One of my favourite parts from the documentary is when we were talking to Shaolin Dragon, who’s from Escobar in Buenos Aires province, which is a place where they don’t even have tarmacked roads. He was telling us, ‘people get mad at us because we’re into US hip-hop; because I’m into having my sneakers and my Timberlands and my hoodie. People get mad because we don’t talk about politics, we don’t talk about President Kirchner…what the fuck do I care about Kirchner? Last year when I wanted a shower, I couldn’t just turn on the tap, I had to heat up the water on the stove first. So that politics that you guys are talking about, I live that stuff. So I’m just going to talk about my reality; that’s my politics.’ With the documentary, we didn’t want to privilege any particular one of these approaches. We wanted to give a snap shot of Buenos Aires today, as reflected through the lives and music of these diverse artists.
What were the biggest challenges in making the documentary?
After nearly three years of working on this, thousands of hours of footage, interviews with literally hundreds of people, it’s going to be very hard to let go of the finished piece. We feel really responsible for our original idea for the piece, but also for the rappers who are in the movie, and we are very conscious of the public reaction to this, so it’s going to be very difficult to put it down, to face up to what we wanted to achieve. On top of that, we are hearing from a lot of great artists who we haven’t been able to include in the documentary; we have some rappers who are in the documentary saying, ‘Yeah this is great, but I feel bad because you haven’t included X or Y, they’ve done more for the community or they’ve been around longer.’ But the thing with this documentary is that we never set out to make a chronological story of hip-hop in Buenos Aires. This is not a competition about who you are or how long you’ve been making hip-hop. We had to say to these guys, what you are represents something for everyone, and that’s what we’re looking for. And so we have different representations of ideologies; different ideologies and different realities of life that exist in BA.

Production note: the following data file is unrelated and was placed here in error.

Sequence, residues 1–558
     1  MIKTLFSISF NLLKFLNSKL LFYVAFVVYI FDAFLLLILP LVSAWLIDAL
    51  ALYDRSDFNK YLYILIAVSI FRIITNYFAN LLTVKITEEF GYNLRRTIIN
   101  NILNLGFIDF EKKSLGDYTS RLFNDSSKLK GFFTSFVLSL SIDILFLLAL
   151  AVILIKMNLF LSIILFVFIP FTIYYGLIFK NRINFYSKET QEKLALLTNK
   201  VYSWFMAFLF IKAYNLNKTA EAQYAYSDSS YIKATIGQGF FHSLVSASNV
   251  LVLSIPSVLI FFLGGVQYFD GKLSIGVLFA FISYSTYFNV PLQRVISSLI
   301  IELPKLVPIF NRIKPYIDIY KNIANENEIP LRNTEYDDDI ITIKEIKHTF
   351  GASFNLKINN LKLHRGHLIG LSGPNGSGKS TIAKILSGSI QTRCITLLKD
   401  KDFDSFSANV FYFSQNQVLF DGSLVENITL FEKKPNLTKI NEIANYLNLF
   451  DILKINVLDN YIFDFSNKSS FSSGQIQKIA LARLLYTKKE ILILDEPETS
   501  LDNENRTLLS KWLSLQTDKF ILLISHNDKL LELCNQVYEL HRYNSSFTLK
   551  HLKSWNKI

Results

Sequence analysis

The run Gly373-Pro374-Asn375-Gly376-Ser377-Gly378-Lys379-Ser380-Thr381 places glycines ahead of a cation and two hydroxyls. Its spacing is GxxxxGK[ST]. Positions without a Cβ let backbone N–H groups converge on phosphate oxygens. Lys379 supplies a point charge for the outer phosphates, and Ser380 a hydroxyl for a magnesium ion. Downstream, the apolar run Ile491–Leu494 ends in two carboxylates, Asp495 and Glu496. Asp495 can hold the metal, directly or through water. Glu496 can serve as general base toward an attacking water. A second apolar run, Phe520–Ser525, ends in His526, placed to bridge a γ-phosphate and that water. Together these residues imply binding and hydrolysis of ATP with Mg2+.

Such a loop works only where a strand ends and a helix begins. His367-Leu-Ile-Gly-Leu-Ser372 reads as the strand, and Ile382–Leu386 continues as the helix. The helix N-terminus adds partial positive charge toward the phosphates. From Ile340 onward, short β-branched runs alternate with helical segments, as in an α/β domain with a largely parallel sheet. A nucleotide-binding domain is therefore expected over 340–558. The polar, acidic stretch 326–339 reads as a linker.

How do you see the future of hip-hop in Buenos Aires? Will it always be an underground movement?
That’s a tricky one. We have various people in the documentary who are saying hip-hop is just waiting for that moment when it’s going to blow up, and it’s going to be huge. But then we have others who say hip-hop in Argentina doesn’t need to blow up; hip-hop is what it needs to be right now. We have great rappers, we have people that are putting a lot of energy into what they’re doing and they believe and care about what they’re doing. You also have people saying that there is no need for hip-hop in Buenos Aires, because cumbia already covers the music from the ghetto. People usually think of hip-hop outside of the USA as music for marginalised people. Here’s what I think: I think it is going to take quite a time to construct a hip-hop industry here because of its underground nature, but also, more importantly, because there are a lot of divisions within the community which will make it very difficult for the movement to progress. We’ve noticed rivalries between groups, between barrios, and there hasn’t been much movement to build anything collectively, even something like a blog or a website. There’s a lot of emphasis on the rap battle here. Which is great, but there’s always an element of competition, which is very much part of the culture here, the society. So I think if we can concentrate a bit more on the idea of collectively building something lasting for the hip-hop community, then perhaps this industry can flourish. Hopefully our film can help with this.